Yesterday I brought you the minutes of part of a session of the United Deities, the all-god monitoring group which sits in heaven and watches our goings on. Their discussion was on the implications of Guy Fawkes and the 4th centenary of the Gunpowder Plot, and as none of us will be alive to see another of those, it might be instructive to stick with the gods for one more helping.
1. An unidentified Aztec god said that his worshippers were always being criticised for indulging in human sacrifice, but he could not see much difference between that and burning people, as they did on 5 November in Britain.
2. The chairgod said he was happy to say the Aztec god had got it wrong. The British did not burn people on 5 November. They only burnt effigies. That is to say, a model of the person who was being remembered.
3. The Aztec god said he was disgusted. What was the point of burning an effigy? You might as well sacrifice a model of a person, or slaughter a bull which was dead already. Did the British not take religion seriously?
4. No, they did not, confessed the chairgod, but that was not the point. Bonfire Night was not really a religious festival, and most of the people who celebrated it did not know what it was about.
5. The Aztec god said he thought that was even sadder. What was the point?
6. The Anglican God said that he hated to criticise the country which had first worshipped him, but the British really had no religious ceremonies left at all. Even Easter and Christmas had more or less lost their religious meaning. The only religious ceremonies still taken seriously in Britain were imported ones, such as Ramadan or Diwali.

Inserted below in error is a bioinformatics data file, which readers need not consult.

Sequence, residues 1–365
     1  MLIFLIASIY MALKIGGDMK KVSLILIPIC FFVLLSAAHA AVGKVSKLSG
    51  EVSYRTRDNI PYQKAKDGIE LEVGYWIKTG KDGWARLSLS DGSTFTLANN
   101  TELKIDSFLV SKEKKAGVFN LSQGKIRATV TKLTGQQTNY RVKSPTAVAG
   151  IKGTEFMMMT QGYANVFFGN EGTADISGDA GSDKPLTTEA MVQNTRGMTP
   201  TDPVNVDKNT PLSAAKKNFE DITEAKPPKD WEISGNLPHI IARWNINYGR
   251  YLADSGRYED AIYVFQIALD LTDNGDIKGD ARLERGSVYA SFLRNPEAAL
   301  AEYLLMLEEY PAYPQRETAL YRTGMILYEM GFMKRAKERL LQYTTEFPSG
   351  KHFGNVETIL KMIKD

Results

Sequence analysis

7. The Jewish God said he would like to put in a word for Yom Kippur.
8. The Aztec God asked what Yom Kippur was.
9. The Jewish God said it was the day when it was very hard to find a taxi in London, boom, boom.
10. The Catholic God sighed and said it was best to take the long view, and realise that festivals and ceremonies changed over the years. For instance, in the island of Guernsey in the English Channel, Bonfire Night had no reference to Guy Fawkes or Catholicism at all, and was called Boudlo, which apparently was a corruption of Bout de l'an, the French for "End of the year". So it was the remains of a much older pagan custom.
11. The same was true in Northern Ireland, said the Anglican God, where, for fear of tensions between the Catholics and the Protestants, Bonfire Night was celebrated at Hallowe'en, which in itself was a Christianised version of an old pagan custom.
12. The chairgod said this might be a good opportunity for any pagan gods to have a say, if there were any present.
13. The Norse god Thor said he did not think there was any such thing as a pagan god. It was all talk and superstition.
14. A voice which seemed to have no visible source said that it had come to something when the gods themselves refused to believe in other gods.
15. Thor swore by the nine virgins of Valhalla and demanded to know who had said that.
16.The voice said she was the Great Goddess, the mother of nature, the deity believed in by all the best paganists, that she was everywhere and nowhere, and that they could carry on without her, now she had had her say.
17. The chairgod said he did not know if anyone else felt the same, but he was rather shaken by that experience.
18. Many gods said they felt the same.
19. The Aztec god said that most gods present knew what it was like to be replaced by other, later gods, with better marketing divisions, and he sympathised with the Great Goddess, wherever and whoever she was.
20. Thor said that in his experience the only goddesses who refused to show their faces were as ugly as sin. He had once encountered a giant goddess with snakes in her hair, and a face like a doormat ...
21. The chairgod said that his remarks were out of order, and they would now move on to the next item: how much longer to give humanity before the oil ran out.
More from the gods soon, I hope.Reuse content